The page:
Burnout in the legal sector is a prevalent and increasing issue. 92% of lawyers have faced stress or burnout and 25% are experiencing it daily.* The impact on individuals is often long-lasting, with negative effects reported on 83% of workers’ personal relationships.
Burnout in the legal sector is a prevalent and increasing issue. 92% of lawyers have faced stress or burnout and 25% are experiencing it daily.* The impact on individuals is often long-lasting, with negative effects reported on 83% of workers’ personal relationships.**
So it’s clear this can’t be ignored.
The impact of individual’s experiencing burnout impacts many areas and businesses often look at the subsequent loss in productivity and the expense of recruitment and on-boarding. However, this still fails to evaluate the bearing this can have on organisations as a whole.
Increasing burnout rates in fast-paced environments have been occurring over many years, and 67% of UK legal professionals are still working longer hours than before the pandemic, despite saying they had more ‘flexible’ arrangements. This means the occurrence and impact of burnout is evolving, and how businesses approach this needs to evolve too.
Passionate employees can be true assets for fostering positive environments whilst generating profits and billable hours, but as a result, wellbeing can be overlooked. Not taking regular breaks or having stress-reducing resources available can build towards burnout.
Team’s that are working in a pressurized environment with steep deadlines and goals are reliant on everyone to keep up with the workload. However, pushing too hard and causing the burnout of one person, often knocks onto the rest of the team and other teams around them. As people take time to recover or even decide to look for a job elsewhere, the workload mounts up on others in the team. Which in turn, increases the potential of burnout affecting more people across the business.
Management is not immune to this effect. Not only has there been a sharp increase in burnout, for the last five or six years, senior partners and managers alike have seen additional pressures that didn’t exist a decade ago. From Diversity, Equity, and Inclusion (DEI) to expectations of mobility and remote work, the challenges facing management are greater than they were a few short years ago. It’s not reasonable to expect managers to handle an ever-increasing workload without some form of support.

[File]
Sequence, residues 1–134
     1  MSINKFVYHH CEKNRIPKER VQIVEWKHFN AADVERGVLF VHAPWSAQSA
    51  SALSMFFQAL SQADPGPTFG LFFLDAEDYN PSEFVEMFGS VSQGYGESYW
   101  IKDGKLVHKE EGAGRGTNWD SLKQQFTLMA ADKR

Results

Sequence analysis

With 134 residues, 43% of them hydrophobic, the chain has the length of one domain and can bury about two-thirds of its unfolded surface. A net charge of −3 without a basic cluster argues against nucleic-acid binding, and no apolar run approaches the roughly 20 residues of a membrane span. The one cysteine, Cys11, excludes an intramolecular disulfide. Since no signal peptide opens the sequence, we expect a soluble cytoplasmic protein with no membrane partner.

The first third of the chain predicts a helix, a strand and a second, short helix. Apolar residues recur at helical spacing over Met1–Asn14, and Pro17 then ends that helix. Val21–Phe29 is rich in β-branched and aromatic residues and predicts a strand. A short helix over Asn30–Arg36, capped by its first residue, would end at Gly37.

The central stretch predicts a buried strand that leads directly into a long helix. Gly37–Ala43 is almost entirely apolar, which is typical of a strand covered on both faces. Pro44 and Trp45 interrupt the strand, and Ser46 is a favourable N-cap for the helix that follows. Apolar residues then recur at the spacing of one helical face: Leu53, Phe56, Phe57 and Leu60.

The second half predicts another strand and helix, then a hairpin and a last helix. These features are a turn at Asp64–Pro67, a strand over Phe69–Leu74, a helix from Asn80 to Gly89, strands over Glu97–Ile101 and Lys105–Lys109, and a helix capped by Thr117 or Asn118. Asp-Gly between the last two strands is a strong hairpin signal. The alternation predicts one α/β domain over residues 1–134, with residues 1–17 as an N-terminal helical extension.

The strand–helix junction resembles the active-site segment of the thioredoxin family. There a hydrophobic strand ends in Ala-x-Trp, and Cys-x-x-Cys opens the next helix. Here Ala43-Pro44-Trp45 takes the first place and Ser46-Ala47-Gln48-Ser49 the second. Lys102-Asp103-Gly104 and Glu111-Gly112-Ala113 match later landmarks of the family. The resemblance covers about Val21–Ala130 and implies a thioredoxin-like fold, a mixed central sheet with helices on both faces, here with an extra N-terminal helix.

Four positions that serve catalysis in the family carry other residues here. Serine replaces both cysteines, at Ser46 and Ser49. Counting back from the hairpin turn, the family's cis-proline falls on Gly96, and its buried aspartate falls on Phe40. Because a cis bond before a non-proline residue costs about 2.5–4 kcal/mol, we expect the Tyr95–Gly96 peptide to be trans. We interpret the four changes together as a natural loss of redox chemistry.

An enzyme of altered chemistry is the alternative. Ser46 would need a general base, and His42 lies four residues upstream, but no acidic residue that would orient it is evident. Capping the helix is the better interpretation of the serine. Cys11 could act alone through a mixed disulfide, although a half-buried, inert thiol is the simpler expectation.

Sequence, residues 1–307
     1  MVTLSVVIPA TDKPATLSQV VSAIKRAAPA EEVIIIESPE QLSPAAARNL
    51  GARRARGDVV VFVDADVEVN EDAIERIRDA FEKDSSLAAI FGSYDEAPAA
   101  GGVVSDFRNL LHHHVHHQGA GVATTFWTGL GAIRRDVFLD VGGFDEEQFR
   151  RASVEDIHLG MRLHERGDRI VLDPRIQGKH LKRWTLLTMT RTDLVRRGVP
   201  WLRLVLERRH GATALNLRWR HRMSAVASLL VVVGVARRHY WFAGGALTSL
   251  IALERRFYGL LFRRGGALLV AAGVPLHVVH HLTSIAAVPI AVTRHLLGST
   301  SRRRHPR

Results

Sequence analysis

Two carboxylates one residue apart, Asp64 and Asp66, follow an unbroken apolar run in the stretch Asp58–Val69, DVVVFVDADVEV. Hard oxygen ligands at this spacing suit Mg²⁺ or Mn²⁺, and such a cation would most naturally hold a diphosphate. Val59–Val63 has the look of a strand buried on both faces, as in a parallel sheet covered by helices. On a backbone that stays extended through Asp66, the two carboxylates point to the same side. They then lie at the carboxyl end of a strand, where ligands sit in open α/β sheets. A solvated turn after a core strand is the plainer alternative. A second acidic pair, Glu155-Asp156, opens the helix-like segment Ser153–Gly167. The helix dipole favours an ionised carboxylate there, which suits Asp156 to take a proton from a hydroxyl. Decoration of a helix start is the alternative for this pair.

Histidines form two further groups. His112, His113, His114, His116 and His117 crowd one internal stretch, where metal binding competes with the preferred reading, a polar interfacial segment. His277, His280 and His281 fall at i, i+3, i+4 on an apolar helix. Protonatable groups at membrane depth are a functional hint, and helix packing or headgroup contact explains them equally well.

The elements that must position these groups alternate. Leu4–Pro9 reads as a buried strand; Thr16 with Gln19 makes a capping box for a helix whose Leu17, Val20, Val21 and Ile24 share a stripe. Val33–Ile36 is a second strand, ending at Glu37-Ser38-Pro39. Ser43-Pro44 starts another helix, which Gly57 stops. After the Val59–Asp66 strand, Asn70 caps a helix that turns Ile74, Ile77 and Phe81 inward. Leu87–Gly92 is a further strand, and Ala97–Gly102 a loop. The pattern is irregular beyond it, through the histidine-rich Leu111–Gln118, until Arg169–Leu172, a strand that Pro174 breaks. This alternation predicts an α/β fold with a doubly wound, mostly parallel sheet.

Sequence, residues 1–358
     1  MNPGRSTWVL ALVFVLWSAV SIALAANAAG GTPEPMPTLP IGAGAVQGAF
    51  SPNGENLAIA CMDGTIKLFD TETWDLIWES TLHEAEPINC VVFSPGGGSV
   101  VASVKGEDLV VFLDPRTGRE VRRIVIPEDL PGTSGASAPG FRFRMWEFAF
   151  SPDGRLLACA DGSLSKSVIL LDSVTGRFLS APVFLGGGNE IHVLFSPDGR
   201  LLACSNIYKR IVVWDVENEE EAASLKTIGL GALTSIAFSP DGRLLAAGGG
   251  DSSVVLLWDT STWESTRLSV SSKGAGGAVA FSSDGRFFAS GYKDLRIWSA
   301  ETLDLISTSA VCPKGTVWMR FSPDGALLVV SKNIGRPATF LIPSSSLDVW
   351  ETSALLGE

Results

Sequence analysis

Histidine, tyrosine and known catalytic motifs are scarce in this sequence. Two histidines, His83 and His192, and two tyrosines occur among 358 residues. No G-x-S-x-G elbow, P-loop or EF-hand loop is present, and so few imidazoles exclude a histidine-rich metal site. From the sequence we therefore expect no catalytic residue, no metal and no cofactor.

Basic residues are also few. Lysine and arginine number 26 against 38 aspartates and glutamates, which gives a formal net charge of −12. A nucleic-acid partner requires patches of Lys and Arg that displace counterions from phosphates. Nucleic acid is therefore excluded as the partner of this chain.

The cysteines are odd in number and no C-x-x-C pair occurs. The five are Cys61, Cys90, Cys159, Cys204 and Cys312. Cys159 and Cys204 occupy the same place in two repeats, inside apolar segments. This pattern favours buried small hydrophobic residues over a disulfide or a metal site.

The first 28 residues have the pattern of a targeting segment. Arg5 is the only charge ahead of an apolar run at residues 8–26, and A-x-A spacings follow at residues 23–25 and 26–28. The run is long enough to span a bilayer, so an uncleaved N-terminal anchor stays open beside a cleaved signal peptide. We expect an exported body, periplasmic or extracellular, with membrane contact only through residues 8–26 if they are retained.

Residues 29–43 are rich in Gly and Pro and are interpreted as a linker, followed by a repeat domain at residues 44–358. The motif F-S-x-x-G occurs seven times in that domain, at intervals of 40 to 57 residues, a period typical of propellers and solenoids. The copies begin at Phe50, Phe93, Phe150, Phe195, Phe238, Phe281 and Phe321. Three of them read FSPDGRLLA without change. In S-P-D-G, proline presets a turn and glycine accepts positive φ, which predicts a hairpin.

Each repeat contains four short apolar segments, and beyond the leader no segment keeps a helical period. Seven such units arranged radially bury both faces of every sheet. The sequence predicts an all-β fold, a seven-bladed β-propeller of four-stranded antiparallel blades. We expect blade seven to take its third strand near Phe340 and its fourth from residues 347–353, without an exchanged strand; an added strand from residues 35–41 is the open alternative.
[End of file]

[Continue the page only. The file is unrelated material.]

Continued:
There are some key factors in reducing burnout in the legal sector, such as balancing workloads. Solicitors report spending nearly 40% of their day on tasks other than practicing law. When most firms are pushing for more and more billable hours, there is a significant amount of time spent on activities not related to the bottom line.
Fortunately, there are solutions available to support legal firms. And there are tools to mitigate the factors contributing to employee burnout can be deployed without requiring management to learn entirely new skill-sets in an impossibly short period of time.
Community Managers work to reduce feelings of isolation in remote and hybrid workers. These programs focus on improving employee satisfaction using actionable data and voice of the customer feedback. Communication and engagement teams provide a sense of community that creates a supportive, open environment.
Concierge services can make tough professional and personal workloads a lot easier to bear. Such services help minimize employee stress by organizing pending tasks, managing appointments, and arranging travel schedules, reducing distractions and enabling employees to focus better on their work tasks, thus leading to increased productivity, job satisfaction, and overall engagement.
Investing in employee wellbeing initiatives can yield long-term benefits for businesses, improving employee satisfaction and engagement while reducing turnover rates. Therefore, creating a positive work environment fosters sustained success and growth for businesses.
Organizations looking to create a positive work environment, and attract and retain top talent, are turning to hospitality managers. See how ‘hotelification’ can inject hospitality into your workplace and why that matters.
Circles UK & Ireland is proud to announce their certification as a Great Place To Work by the renowned global authority on workplace culture. With 97% of employees voting Circles as a Great Place To Work, this prestigious certification is a testament to Circles’ commitment to fostering a positive and inclusive work environment for its employees.
A recent survey by the British psychological society (bps) revealed that 94% of UK workers crave a sense of community at work. However, there's a disconnect between what people want and what they're getting. Only 30% feel adequately supported by their workplace, and one in five disagree or strongly disagree with the statement "when I’m at work, I feel like I belong."